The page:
I arrived in a darkened room, with folks sprawled on the floor, listening to the sounds of Australian sound artist Tahlia Palmer, AKA Amby Downs. You wouldn’t call this long form soundscape comforting, with Palmer keen to explore notions of intergenerational trauma and exchange, though on the large sound system, there was something really powerful about her layered field recordings, something intangible yet provoking, dusty and windswept that speaks to the outback. It was actually quite beautiful; a repetitive swell that emerged from within her earthy sounds was nothing short of hypnotic.
US based Ojibwe musician Joe Rainey, adorned in a cap, with a portable cassette player in hand took to the stage with no introduction. He simply pressed play, revealing barely distinguishable monologues and conversations. He was joined by Andrew Broder on electronics who you might also know as Fog – who was responsible for one of my favourite early 2000’s Anticon adjacent albums Hymie’s Basement. I wasn’t expecting Broder’s presence, but then again I didn’t really know what to expect as I’d only just watched a couple of You Tube clips of Rainey prior to attending, though was very clear immediately that he was doing something very special.
His approach is to reimagine traditional Pow Wow singing, perhaps contemporalise it. His experimental music equally as informed by hip hop, dirty R&B, dub and industrial noise. With smatterings of predominantly spoken word material on his cassette, he would speed up, raise the pitch and swap cassettes over Broder’s often quite rhythmic, albeit distorted beats and electronic sounds. Periodically he would step up to the mic and the hairs would stand up on the back of your neck. The power of his voice was something to behold, the strength of his Pow Wow singing, grounding the music in tradition and connection, in his spirituality. It was beautiful, powerful and mesmerising. An incredible gift. I’ve never seen anything like it.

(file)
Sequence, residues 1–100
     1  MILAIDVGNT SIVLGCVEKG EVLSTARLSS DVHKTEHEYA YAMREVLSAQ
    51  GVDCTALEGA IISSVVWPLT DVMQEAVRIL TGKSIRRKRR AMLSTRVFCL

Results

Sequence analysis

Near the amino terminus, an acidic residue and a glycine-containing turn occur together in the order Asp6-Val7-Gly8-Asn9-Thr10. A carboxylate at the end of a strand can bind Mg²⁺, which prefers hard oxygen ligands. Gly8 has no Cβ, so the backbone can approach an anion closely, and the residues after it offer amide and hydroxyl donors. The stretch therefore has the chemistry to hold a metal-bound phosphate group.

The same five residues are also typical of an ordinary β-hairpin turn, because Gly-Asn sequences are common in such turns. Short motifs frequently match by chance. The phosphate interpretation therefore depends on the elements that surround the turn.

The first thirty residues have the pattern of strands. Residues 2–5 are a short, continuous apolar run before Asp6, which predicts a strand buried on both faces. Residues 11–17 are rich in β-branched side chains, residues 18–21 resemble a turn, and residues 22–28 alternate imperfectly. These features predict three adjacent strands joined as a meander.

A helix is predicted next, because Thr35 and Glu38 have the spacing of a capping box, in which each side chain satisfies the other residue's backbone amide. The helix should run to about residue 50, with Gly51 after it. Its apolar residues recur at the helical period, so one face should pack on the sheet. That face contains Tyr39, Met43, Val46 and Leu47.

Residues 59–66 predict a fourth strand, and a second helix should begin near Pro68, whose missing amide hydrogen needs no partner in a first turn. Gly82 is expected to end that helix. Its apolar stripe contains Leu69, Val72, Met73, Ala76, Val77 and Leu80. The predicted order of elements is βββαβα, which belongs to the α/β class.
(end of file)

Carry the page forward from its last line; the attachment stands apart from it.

Prior to his final piece he addressed the audience for the first time and attempted to contextualise what we’d just witnessed. His chilled demeanour and gentle voice was a direct contrast to the power of his performance, yet he was still a commanding presence. He spoke of racism, white privilege, dispossession and the connection he felt of being welcomed to country in Sydney. Whilst his music isn’t without political connotations, he went to pains to point out that whilst he might be creating new genres and sharing traditions that are rarely shared, the connection he’s looking for is with his family. He carries personal items to keep him grounded, such as the necklace his sister in law made. Tonight was the first night of his Australian tour when he didn’t cry when he sang a song he normally sings with his daughter.
And as he launched into his final song, the beats lurched and fizzled and he leaned into the mic we felt that connection too. It was impossible not to. It’s such a rare and beautiful experience to encounter such forward thinking music so grounded by the past, yet brimming with innovation and connection in the now.